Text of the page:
A set of rules that describe the con­
tent that is contained in library catalog records.
abstracting and indexing services
Secondary information services that provide
searching of scholarly and scientific information, in particular of individual journal
access management
Control of access to material in digital libraries. Sometimes
called terms and conditions or rights management.
ACM Digital Library
A digital library of the journals and conference proceedings
published by the Association for Computing Machinery.
Alexandria Digital Library
A digital library of geospatial information, based at
the University of California, Santa Barbara.
American Memory and National Digital Library Program
The Library of
Congress's digital library of materials converted from its primary source materials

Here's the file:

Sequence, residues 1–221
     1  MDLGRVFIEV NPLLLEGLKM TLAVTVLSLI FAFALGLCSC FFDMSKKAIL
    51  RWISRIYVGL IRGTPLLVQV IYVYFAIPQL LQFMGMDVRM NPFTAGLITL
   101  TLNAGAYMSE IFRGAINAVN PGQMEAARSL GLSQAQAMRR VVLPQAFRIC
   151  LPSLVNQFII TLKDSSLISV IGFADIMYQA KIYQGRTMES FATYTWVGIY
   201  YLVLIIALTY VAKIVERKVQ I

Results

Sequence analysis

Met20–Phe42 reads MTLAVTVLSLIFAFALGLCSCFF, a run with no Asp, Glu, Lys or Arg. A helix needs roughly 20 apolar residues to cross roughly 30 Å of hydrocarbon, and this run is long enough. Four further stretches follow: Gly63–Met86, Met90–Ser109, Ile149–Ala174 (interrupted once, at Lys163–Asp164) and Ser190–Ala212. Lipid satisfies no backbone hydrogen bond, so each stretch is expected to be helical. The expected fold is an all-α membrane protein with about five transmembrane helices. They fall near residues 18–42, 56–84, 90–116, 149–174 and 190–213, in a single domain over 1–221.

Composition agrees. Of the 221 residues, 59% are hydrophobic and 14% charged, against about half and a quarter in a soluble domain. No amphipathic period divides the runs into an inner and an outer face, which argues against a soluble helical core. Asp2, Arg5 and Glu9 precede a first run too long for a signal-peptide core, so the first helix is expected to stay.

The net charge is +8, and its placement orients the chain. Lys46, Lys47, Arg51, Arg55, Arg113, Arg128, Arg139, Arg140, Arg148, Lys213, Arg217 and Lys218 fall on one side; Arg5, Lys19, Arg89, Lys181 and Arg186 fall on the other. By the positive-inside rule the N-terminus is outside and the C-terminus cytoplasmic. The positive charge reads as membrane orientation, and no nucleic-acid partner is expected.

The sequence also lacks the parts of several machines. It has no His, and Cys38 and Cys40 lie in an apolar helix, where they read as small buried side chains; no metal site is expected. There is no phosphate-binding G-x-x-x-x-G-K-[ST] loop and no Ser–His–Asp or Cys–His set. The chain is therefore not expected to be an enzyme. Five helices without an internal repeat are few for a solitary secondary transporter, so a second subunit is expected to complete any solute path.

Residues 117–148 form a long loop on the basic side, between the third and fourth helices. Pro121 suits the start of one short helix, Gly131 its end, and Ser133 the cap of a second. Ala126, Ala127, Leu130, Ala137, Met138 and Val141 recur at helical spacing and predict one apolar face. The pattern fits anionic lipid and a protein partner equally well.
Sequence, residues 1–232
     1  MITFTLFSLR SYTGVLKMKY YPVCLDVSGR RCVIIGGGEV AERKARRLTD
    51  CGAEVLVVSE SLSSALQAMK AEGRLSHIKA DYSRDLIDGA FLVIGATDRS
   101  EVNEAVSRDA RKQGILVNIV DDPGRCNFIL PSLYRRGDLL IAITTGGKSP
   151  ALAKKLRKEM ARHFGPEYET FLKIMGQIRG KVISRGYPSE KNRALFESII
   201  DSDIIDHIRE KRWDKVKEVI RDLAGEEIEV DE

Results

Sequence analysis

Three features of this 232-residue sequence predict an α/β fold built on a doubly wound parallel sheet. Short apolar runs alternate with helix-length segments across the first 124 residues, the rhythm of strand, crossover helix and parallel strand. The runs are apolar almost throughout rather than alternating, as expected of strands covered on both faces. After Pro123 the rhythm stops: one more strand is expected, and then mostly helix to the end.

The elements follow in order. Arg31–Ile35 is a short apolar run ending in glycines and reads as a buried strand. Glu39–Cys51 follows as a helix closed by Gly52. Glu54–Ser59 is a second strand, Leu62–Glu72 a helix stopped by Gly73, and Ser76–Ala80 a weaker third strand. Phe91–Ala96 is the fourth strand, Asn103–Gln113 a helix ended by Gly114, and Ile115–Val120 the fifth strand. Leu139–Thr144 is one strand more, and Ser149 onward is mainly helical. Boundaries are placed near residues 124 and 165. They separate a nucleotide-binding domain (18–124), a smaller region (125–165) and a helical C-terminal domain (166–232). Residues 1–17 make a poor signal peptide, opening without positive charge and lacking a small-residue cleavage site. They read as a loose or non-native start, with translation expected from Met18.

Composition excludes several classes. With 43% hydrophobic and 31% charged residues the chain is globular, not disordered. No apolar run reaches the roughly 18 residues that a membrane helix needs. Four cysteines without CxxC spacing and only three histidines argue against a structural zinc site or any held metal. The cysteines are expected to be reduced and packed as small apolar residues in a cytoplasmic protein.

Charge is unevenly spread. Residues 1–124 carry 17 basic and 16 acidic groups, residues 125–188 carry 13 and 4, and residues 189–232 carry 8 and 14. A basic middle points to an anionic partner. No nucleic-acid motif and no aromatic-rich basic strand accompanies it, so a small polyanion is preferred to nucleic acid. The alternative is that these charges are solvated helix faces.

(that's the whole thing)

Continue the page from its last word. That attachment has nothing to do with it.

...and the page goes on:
related to American history.
A small computer program that can be transmitted from a server to a client
computer and executed on the client.
Collections with related systems and services, organized to emphasize the
long-term preservation of information.
Art and Architecture T hesaurus
A thesaurus for fine art, architecture, decorative
art, and material culture, a project of the J. Paul Getty Trust.
A physical object in a library, archive, or museum.
ASCII (American Standard Code for Information Interchange)
A coding scheme
that represents individual characters as seven or eight bits; printable ASCII is a sub­
set of ASCII.
Validation of a user, a computer, or some digital object to ensure
that it is what is claims to be.
Giving permission to a user or client computer to access specific
information and carry out approved actions.
automatic indexing
Creation of catalog or indexing records using computer pro­
grams, not human catalogers.
Boolean searching
Methods of information retrieval where a query consists of a
sequence of search terms, combined with operators, such as "and," "or," and "not."
A general-purpose user interface, used with the web and other online